EB: First of all, we have to demand that the right of national sovereignty be recognized. It is impossible for a people to exist without sovereignty, which is the capacity for self-government, in its forms, with its institutions, and respect that same right (sovereignty) in the international sphere. We believe that trying to interfere in foreign problems from the State, precisely violating this principle, brings many problems. That is what has   been done by the world powers.

Now, we also hope to strengthen the ties of historical friendship with other peoples. There is a historical episode in Chile, after the war of 1880, in which in Iquique, already Chilean territory, and in that time already of nitrate exploitation, there was a great strike in 1907 in which Chilean, Bolivian and Peruvian workers were assassinated. That is, at that time, the peoples were still united, those who continued with borders and frontiers were the powerful, the ‘countries’, the owners of the country, who wanted to have a slice.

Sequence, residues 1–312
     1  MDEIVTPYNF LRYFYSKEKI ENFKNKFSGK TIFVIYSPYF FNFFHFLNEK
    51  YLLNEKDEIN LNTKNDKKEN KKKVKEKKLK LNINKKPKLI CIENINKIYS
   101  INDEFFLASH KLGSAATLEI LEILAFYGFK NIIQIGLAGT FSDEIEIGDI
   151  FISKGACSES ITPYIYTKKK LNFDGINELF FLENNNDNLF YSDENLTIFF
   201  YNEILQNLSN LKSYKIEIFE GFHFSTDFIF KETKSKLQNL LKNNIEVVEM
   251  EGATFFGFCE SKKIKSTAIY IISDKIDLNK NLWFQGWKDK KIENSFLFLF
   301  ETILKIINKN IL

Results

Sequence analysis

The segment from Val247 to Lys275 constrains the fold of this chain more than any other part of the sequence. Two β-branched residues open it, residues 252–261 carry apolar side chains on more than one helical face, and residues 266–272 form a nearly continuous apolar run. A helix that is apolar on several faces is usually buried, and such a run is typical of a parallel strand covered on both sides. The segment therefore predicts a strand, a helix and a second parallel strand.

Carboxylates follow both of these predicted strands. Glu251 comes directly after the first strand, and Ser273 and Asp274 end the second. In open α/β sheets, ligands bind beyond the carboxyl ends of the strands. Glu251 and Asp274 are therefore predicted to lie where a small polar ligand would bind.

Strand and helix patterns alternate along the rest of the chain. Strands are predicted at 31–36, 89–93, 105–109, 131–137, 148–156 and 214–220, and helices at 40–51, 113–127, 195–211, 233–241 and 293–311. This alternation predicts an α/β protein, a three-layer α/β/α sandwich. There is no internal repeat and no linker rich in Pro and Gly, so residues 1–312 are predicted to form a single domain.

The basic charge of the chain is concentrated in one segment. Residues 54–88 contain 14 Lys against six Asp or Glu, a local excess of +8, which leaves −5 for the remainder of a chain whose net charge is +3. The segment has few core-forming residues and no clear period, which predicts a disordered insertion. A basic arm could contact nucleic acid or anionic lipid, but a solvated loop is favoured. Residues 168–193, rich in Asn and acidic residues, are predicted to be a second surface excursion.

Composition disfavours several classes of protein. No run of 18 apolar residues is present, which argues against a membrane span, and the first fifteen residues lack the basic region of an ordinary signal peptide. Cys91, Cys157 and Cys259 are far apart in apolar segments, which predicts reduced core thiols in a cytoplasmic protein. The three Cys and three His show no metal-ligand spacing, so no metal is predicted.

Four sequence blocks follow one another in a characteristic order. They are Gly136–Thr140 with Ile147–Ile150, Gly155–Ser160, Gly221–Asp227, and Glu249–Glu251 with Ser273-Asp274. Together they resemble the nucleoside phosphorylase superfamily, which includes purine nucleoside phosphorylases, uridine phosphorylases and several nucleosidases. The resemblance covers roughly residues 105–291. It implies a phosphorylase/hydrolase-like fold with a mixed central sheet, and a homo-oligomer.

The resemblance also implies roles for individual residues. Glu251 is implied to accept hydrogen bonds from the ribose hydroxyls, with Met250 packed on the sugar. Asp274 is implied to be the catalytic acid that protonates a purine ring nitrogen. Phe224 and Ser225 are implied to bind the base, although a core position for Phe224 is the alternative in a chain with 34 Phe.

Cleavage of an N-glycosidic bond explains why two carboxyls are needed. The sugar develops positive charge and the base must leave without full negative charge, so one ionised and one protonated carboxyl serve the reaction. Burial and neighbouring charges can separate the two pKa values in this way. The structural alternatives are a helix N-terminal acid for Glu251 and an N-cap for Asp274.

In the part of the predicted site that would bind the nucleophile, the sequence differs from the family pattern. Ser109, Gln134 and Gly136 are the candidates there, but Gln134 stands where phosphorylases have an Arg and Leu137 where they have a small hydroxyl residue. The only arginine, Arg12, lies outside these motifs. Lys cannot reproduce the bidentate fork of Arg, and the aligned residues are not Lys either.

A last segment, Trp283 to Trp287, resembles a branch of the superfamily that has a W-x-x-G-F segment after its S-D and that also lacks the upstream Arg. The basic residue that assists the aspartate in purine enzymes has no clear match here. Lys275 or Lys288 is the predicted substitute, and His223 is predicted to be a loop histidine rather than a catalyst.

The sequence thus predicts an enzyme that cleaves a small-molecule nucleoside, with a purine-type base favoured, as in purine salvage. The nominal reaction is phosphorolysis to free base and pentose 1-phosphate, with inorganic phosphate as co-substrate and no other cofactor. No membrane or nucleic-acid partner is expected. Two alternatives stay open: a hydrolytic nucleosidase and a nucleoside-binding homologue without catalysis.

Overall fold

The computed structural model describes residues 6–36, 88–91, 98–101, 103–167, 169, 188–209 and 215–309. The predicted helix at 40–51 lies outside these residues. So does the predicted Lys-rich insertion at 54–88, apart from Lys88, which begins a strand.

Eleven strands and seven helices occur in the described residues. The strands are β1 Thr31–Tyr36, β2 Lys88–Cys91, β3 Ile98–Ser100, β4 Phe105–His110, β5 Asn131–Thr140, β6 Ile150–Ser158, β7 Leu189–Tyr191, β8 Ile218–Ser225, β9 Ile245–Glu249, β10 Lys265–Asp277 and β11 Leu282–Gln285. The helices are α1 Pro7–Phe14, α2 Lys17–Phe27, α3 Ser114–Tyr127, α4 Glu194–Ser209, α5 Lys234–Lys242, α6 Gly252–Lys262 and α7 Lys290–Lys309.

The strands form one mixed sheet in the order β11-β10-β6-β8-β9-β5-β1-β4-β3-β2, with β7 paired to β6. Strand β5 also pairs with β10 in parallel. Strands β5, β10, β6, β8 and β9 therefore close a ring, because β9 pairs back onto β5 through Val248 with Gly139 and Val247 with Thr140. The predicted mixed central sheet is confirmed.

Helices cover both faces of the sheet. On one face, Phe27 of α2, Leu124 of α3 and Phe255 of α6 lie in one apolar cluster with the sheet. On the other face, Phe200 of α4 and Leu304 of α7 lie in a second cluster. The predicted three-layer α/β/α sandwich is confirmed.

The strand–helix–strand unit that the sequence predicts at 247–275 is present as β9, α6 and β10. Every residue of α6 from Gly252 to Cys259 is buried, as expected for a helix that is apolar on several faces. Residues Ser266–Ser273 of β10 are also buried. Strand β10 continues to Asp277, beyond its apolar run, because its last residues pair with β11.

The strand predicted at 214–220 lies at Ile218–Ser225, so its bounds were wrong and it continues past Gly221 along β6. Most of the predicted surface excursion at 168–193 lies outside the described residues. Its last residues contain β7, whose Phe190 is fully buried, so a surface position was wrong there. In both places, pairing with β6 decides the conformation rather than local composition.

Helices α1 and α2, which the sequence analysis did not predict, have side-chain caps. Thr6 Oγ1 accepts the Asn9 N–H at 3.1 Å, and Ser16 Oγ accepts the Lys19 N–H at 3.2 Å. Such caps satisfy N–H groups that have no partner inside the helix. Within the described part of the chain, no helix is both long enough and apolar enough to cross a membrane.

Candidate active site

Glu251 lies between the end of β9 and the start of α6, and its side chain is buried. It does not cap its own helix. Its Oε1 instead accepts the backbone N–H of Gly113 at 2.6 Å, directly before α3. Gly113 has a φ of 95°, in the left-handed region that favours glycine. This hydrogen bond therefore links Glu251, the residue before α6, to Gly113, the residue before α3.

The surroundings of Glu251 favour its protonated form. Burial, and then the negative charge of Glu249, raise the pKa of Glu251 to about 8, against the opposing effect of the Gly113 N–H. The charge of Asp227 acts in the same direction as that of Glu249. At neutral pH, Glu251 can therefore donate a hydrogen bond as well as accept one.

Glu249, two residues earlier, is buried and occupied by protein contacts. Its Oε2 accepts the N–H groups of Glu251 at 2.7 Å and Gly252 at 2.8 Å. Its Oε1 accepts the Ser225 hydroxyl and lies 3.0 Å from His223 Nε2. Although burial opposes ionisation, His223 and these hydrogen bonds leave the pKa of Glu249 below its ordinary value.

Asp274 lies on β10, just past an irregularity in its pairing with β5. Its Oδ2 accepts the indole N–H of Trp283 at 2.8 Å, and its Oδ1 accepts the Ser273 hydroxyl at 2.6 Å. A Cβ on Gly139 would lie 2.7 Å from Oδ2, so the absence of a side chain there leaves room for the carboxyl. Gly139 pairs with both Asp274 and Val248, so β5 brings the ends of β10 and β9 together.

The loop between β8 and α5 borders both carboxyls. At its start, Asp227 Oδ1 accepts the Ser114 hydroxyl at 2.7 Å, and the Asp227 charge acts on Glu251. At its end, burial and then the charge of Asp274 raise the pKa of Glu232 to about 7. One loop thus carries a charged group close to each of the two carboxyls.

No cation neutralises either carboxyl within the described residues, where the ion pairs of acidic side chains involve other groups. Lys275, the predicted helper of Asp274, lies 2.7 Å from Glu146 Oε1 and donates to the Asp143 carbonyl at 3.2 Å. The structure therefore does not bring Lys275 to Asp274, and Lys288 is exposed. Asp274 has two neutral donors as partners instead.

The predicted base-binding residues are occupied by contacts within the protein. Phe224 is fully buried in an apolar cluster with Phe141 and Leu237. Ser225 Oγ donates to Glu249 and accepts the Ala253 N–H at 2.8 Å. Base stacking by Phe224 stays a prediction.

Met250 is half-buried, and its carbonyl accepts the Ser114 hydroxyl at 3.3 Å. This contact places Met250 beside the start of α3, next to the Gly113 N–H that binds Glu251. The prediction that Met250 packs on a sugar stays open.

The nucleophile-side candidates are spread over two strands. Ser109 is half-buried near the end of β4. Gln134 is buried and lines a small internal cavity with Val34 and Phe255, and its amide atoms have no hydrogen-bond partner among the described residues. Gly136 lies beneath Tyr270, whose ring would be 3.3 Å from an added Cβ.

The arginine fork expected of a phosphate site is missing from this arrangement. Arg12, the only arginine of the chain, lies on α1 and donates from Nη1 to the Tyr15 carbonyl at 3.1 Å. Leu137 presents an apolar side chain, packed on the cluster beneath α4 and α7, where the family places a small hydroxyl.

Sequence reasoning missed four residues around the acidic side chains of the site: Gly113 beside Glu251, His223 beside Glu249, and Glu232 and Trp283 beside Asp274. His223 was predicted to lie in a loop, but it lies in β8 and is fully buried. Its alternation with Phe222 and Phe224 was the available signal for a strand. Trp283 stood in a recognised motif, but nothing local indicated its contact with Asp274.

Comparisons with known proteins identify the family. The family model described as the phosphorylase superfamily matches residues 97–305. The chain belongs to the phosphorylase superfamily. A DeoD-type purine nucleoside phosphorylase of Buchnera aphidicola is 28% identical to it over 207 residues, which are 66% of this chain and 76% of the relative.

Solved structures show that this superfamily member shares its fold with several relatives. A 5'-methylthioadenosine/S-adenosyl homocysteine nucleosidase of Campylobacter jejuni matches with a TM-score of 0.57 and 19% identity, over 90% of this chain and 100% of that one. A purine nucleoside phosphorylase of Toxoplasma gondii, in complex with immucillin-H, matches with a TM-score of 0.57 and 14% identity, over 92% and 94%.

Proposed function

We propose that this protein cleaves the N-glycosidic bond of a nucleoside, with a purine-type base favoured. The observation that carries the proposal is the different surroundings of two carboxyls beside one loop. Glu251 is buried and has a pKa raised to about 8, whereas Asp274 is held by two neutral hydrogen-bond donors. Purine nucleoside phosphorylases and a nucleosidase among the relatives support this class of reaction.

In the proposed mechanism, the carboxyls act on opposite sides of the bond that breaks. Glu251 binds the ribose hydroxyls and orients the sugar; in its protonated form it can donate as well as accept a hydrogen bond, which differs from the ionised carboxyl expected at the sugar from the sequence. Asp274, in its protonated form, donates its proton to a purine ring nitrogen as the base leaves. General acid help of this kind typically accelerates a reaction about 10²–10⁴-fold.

Our view is that Latin America can have a different path, if we can make true what Bolívar said at some point, the Latin American confederation. I believe that there have already been many contributions, especially with this 21st Century Socialism promoted by Chávez , which precisely spoke of strengthening the Latin American peoples, strengthening their common market, also strengthening their artistic, aesthetic, and cultural forms, and that’s what we are going to do.

First, that our right to sovereignty be recognized, that there are no more military bases in the country. That there is no interference from other forms of government such as what has happened with NGOs many times in our country. On the other hand, our position to respect the sovereignty of other countries as forms of Government, in terms of forms of democracy, and at the same time promote Latin American unity.

DR: How have you resisted the media attacks? What has been your strategy?